Access cash is best spent 'lower down the chain'

Schools have more participation impact, leader of the 'no-bullshit university' tells Melanie Newman

April 3, 2008

Gordon Marshall is, in his own words, a "classic widening participation success".

The council estate child of parents who left school at 14 is now the vice-chancellor of the University of Reading. He went to university, he said, because his family and teachers encouraged him to do so.

"The attitude was that people like me should be aspiring to get into a good university," said Professor Marshall, who holds an honours degree in sociology from the University of Stirling and a PhD from the University of Oxford.

Unlike many these days, he thinks it is pointless to attack higher education institutions for not doing more to widen access. Instead, he believes that money spent on universities' widening participation programmes would be better spent "lower down the chain".

"Widening participation money in universities is well spent on the whole," Professor Marshall said. "But if the same money were spent in schools, it would have a bigger effect." He wants to see more cash directed at young children and at encouraging pupils with working-class backgrounds to take A levels. "Then you could stop worrying about admissions policy," he said.

That the Government focuses its widening participation work on university entry is down to the four to five-year electoral cycle, he suggests. "Schemes that will take ten years to produce results are not appealing to politicians."

Professor Marshall, a former chief executive of the Economic and Social Research Council, is currently research-inactive - "brain-dead", as he describes himself.

His interests are in equal opportunities and distributive justice. The university's flat management structure and its culture of transparency - "we don't do hierarchy", he declared - might be seen as legacies of his concerns. This culture helped when it came to closing departments - and there have been a few closures in recent years: most controversially, physics in 2006. "Senate and council voted for the closure because there was nothing mysterious about the decision," he said.

No divestments are planned in 2008. "We are concentrating on areas in which we are excellent: meteorology, land management, English literature ... ".

Raising the institution's profile is also on the agenda. Noticing that the crime author P.D. James had bestowed University of Reading degrees on several of her protagonists, the university asked if she was an alumna. "She wasn't," Professor Marshall said. "But she said Reading was the sort of university you would want someone to go to." The endorsement cheers the vice-chancellor, but it does not go far enough. "I want people to stop seeing Reading as a safe place in Berkshire," he said.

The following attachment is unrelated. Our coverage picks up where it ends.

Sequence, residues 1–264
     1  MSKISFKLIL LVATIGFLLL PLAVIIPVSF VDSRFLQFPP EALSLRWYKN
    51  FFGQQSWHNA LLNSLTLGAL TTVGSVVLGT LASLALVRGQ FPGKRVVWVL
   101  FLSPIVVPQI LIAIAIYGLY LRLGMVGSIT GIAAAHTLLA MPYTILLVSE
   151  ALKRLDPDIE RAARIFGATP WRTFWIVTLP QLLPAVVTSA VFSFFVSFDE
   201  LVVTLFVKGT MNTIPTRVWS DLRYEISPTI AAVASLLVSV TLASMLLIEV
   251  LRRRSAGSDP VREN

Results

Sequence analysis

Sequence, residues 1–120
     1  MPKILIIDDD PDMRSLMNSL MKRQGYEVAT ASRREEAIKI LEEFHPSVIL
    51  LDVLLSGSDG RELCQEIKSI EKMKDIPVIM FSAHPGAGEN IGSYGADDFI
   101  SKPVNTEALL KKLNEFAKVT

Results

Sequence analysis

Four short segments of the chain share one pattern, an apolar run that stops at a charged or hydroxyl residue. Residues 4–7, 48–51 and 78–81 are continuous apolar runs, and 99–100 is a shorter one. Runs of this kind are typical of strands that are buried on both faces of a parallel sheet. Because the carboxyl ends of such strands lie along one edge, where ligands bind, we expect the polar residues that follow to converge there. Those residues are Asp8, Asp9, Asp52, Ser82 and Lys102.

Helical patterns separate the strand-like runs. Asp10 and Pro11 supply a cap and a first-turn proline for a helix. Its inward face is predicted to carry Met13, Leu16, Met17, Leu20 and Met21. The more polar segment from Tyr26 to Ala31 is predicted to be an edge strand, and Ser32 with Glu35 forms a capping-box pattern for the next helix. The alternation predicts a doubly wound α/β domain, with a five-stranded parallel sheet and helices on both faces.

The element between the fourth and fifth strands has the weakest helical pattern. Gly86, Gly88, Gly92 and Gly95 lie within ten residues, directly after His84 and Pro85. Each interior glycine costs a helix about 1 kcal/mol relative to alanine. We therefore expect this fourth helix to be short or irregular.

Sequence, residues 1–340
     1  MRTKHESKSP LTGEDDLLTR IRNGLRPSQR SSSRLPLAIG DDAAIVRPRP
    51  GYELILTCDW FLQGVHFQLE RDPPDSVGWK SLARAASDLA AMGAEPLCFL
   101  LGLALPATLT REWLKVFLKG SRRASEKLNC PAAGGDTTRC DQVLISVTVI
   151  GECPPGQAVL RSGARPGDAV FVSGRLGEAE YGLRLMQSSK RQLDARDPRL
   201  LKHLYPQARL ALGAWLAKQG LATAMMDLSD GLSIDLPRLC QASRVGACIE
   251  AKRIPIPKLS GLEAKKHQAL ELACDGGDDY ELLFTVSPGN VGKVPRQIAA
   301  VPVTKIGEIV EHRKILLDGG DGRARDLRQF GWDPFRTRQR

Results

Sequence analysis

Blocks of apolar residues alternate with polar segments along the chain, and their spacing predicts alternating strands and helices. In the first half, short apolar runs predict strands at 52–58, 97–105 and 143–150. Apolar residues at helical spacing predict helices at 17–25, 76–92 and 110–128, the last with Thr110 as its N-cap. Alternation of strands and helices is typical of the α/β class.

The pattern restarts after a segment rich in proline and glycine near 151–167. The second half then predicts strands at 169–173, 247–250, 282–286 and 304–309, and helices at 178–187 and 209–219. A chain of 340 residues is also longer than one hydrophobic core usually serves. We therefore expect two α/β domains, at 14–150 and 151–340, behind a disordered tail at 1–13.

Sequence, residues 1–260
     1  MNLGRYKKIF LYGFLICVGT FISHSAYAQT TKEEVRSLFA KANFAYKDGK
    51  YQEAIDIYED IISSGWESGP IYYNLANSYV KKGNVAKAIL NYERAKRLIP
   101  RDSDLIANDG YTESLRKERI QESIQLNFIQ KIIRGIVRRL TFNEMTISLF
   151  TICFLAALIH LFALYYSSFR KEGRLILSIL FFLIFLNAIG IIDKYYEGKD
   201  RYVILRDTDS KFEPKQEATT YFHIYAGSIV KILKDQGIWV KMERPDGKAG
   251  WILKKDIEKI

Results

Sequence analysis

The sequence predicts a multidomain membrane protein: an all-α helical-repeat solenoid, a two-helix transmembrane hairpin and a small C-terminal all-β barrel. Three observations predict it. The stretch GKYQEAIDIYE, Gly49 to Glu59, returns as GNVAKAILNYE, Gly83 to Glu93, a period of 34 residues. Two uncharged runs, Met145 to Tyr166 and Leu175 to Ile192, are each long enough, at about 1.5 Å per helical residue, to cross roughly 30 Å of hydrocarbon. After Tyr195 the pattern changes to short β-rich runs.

He berates other institutions for their use of hyperbole: "Everyone is world class at everything. We'll be talking inter-planetary superiority next." He wants Reading to be known as the "no-bullshit university", and he is proud that its mission statement, strategy and targets all fit on one side of an A4 sheet of paper.

At the same time, the public's failure to recognise the university's excellence ("we have the best climate scientists in the world") is a source of frustration. "Historically, we've struggled against the universities of York and Bath," he admitted. "If you stop people in the street, they'll say that they know those are good. When you ask them if they've visited the universities, you find they haven't - they know nothing about them. They are associating the town and its nice buildings with the university."

The university website Push.co.uk describes Reading town centre, with its "office-block skyline", as "less than lovely" and the campus buildings as "all managing to be ugly in their own way". New buildings for the business school and biomedical sciences may help improve the campus, and this month councillors approved plans for a new development around Reading Station, which will include six skyscrapers.

"Come back in five years. People will be talking about Reading," Professor Marshall said.

melanie.newman@tsleducation.com

READING IN NUMBERS

  • The University of Reading was established in 1926;
  • It is a member of the 1994 Group of research-intensive universities;
  • One third of its 17,500 students are postgraduates;
  • About 10 per cent of its students are from outside the European Union, and its policy is to keep numbers of international students low;
  • It has an annual income of £175 million, one third of which comes from its government grant;
  • It has 20 research departments rated 5 or 5-star in the 2001 research assessment exercise.

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